Several anatomic features contribute to the predominance of left-sided varicoceles



It is seen 95% of times on left side.

Several anatomic features contribute to the predominance of left-sided varicoceles.

The left internal spermatic vein is longer than the right; in addition, it usually joins the left renal vein at right angles.

The right internal spermatic vein has a more oblique insertion into the inferior vena cava.

This particular anatomy in the standing man may cause higher venous pressures to be transmitted to the left scrotal veins and result in retrograde reflux of blood into the pampiniform plexus.


Age - young adult

Tall thin men are frequently affected

Bag of worms like feel on palpation

The veins empty in supine position (so examination is always done in standing position)

Varicocele of pampiniform plexus of veins has Negative transillumination test, is Reducible, shows Cough impluse

varicocele Can present as a late sign of renal cell carcinoma

Hypernephroma May present with rapidly developing varicocele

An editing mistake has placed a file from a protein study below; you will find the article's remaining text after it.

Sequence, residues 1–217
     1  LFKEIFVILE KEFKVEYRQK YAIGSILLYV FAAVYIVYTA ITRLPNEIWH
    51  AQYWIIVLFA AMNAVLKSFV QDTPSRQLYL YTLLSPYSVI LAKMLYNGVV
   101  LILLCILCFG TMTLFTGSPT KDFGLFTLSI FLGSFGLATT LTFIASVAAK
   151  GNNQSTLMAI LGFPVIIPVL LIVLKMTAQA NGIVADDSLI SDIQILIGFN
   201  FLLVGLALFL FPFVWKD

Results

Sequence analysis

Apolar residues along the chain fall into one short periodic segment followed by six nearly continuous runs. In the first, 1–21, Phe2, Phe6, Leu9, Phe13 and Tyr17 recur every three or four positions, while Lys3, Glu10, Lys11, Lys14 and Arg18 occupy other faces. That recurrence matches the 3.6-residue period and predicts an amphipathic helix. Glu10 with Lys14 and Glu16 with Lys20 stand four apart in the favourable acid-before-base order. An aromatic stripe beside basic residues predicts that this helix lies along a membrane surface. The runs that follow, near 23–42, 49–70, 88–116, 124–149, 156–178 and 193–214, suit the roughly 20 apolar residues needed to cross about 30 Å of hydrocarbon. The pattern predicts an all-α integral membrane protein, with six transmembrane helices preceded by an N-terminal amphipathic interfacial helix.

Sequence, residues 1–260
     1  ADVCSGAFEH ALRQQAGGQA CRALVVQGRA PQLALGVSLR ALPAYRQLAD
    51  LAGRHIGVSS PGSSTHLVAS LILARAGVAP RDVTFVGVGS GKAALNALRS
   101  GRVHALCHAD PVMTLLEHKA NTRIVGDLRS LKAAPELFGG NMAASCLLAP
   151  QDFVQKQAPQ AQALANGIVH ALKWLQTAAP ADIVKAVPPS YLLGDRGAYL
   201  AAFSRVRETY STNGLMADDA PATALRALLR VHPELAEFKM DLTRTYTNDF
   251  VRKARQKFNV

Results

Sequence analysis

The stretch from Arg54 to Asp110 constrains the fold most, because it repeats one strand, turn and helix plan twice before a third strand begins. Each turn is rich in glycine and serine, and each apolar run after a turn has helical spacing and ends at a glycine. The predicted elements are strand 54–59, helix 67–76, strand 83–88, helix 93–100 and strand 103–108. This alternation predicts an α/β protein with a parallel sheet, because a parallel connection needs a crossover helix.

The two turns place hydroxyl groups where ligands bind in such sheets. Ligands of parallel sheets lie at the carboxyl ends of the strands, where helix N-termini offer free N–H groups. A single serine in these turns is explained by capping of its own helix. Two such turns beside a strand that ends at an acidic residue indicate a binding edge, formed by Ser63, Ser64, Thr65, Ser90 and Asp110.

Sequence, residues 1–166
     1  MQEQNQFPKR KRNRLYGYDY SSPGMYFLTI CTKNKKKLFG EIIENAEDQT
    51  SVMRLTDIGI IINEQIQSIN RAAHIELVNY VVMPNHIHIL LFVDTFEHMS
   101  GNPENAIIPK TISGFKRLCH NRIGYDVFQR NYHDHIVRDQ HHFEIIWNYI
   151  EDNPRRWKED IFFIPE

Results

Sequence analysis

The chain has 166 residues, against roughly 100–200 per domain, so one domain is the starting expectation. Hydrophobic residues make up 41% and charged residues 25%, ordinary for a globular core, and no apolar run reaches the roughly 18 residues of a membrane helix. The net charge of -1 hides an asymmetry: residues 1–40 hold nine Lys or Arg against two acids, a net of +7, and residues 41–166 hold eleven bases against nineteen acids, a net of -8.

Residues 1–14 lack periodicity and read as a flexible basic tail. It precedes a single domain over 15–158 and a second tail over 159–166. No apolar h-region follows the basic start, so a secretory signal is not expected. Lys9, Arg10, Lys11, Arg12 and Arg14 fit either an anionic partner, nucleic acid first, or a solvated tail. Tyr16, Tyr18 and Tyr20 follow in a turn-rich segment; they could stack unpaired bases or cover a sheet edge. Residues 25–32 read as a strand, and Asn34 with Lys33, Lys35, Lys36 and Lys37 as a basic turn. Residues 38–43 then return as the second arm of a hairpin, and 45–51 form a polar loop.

Infertility : The varicocele is the most common cause of male infertility world wide. In approximately 70% of patients with secondary infertility, a varicocele is an underlying cause.

Incompetent valves of testicular vein are responsible for varicocele

Variocele formation has been attributed to one of the three primary factors

Increased venous pressure in left renal vein

Collateral venous anastomoses

Absent or incompetent valves in the internal spermatic vein.


Varicocelectomy, the surgical correction of a varicocele, is performed on an outpatient basis.

Indications of surgery in Varicocele are Small testis, Pain, Oligospermia

The three most common approaches are inguinal (groin), retroperitoneal (abdominal), and infrainguinal/subinguinal (below the groin).

Drainage of venous blood from testes following division of testicular vein for treatment of varicocele is by Cremasteric vein

Possible complications of this procedure include hematoma (bleeding into tissues), infection, or injury to the scrotal tissue or structures.

In addition, injury to the artery that supplies the testicle may occur.

An alternative to surgery is embolization, a non-invasive treatment for varicocele.

Embolization is an effective treatment for post-surgical varicoceles.

Femoral catheterization with spermatic vein ablation is done in recurrence